Chemical storage tanks at the site of West Virginia's major chemical spill last month were found to be below federal and industry standards in an investigation conducted three months prior to the disaster, the U.S. Chemical Safety Board said during testimony at a congressional hearing Monday.
In the hearing held by the West Virginia House Committee on Transportation and Infrastructure concerning the January 9th spill at the Freedom Industries facility, the chairman of the U.S. Chemical Safety Board, Rafael Moure-Eraso, revealed that an October inspection by a private firm — Tank Engineering and Management Consultants — discovered tanks at the Elk River facility were "not necessarily in full compliance with" industry and federal government standards.
CSB is now investigating the spill. "The tanks in use at Freedom Industries were over one-half century old," Moure-Eraso said during the hearing. "Considering the best way to improve the safety of tanks at facilities that have similar tanks in use is an important question."
"There was some concern about the condition of the tanks," Johnnie Banks, lead investigator of CSB's spill probe, said in reference to the months-old Tank Engineering inspection.
During that inspection, however, investigators did not examine the tank which subsequently leaked the 10,000 gallons MCHM into the Elk River, because the chemical was not considered "hazardous" by the the U.S. government—an assumption now being called into question.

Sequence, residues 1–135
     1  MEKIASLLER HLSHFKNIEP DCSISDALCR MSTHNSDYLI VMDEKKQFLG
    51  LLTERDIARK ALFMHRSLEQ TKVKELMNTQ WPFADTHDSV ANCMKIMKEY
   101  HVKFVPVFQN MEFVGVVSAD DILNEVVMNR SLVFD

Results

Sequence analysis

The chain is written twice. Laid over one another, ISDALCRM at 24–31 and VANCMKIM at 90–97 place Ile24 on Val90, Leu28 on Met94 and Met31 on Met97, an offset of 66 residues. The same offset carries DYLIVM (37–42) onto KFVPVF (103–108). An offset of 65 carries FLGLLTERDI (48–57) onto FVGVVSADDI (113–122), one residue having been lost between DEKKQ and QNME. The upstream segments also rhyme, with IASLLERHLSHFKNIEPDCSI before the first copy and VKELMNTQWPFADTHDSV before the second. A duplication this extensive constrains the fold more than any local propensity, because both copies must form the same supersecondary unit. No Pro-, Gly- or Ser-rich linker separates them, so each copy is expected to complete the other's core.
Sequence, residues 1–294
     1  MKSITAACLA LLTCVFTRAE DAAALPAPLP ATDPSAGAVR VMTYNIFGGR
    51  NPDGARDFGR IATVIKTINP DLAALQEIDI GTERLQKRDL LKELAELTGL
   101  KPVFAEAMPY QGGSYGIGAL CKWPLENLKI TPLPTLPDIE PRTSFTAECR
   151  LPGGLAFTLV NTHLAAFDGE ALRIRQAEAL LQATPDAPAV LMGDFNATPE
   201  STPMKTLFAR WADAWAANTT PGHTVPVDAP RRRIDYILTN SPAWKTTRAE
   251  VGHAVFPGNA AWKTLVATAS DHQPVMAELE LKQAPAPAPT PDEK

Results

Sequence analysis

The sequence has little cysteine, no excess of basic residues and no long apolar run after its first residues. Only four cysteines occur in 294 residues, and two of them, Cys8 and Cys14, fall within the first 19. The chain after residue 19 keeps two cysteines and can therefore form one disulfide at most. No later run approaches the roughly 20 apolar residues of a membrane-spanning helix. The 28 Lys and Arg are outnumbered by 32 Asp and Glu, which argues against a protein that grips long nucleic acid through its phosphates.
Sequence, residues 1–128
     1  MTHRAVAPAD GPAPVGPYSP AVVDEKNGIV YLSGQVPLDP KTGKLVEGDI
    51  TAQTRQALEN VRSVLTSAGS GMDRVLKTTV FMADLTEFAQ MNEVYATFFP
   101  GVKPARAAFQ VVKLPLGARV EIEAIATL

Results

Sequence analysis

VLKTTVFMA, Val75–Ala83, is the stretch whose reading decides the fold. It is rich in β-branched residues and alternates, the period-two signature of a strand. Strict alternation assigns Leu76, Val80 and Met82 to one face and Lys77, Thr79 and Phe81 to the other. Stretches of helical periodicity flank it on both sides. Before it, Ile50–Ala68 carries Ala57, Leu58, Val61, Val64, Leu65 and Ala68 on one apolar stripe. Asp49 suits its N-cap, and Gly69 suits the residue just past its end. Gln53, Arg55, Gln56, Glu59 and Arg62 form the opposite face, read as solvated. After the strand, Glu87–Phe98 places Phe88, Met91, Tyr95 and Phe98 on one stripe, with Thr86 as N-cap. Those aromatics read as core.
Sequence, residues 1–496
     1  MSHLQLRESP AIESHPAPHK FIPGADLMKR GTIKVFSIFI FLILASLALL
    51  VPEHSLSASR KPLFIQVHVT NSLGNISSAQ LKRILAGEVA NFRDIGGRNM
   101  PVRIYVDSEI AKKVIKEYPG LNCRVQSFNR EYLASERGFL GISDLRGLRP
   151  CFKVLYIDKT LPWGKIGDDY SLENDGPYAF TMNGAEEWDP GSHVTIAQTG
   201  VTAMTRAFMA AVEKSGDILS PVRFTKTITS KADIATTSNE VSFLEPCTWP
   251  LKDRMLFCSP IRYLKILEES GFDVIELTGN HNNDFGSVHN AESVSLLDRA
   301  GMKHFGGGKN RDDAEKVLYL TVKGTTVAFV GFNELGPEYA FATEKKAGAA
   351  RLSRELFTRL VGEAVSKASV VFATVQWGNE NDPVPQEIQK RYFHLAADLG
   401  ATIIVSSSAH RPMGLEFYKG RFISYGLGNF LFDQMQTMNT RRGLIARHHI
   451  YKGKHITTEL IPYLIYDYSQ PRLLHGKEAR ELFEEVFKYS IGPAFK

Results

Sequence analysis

The tank, Moure-Eraso explained further, was surrounded by an inadequate "secondary containment wall" that "provided very little protection from a possible release."
That tank eventually developed two substantial holes and released the licorice smelling chemical into the public water supply for over 300,000 residents, which has caused widespread and ongoing health problems.
And despite promises that the water is now safe, it remains unclear one month after the spill just how accurate those promises are—a question officials seemed unable or unwilling to answer at the hearing.
Asked whether the water is actually safe for the public, West Virginia American Water President Jeff McIntyre stated, "As a water company, we don't set the standards but we are in compliance with all the standards."
To the same question, Dr. Letitia Tierney, commissioner of the West Virginia Bureau for Public Health, stated, "That's, in a way, a difficult thing to say because everybody has a different definition of 'safe.'"
Freedom Industries, the company responsible for the spill, declined to send a representative to the hearing.
Following the hearing, committee member Rep. Shelley Moore Capito (R-W.Va.) said there was a "hesitancy for anyone to establish that the water is safe."
"We want to hear that," said Capito. "We couldn't get that really from anybody."
Residents are still complaining of health problems associated with MCHM exposure, and five schools were forced to send students home last week when the “licorice-like” odor associated with MCHM along with the associated symptoms was still present on school grounds.
Additionally, Moure-Eraso told Al Jazeera America that the longterm effect of MCHM on humans has not been adequately studied.
"The disturbing lack of knowledge about MCHM has led to criticism of the our chemical safety laws," explains Steven Hsieh at the Nation. "Because MCHM was one of 64,000 chemicals grandfathered in with the Toxic Substances Control Act of 1976, companies do not have to test or confirm its safety before use."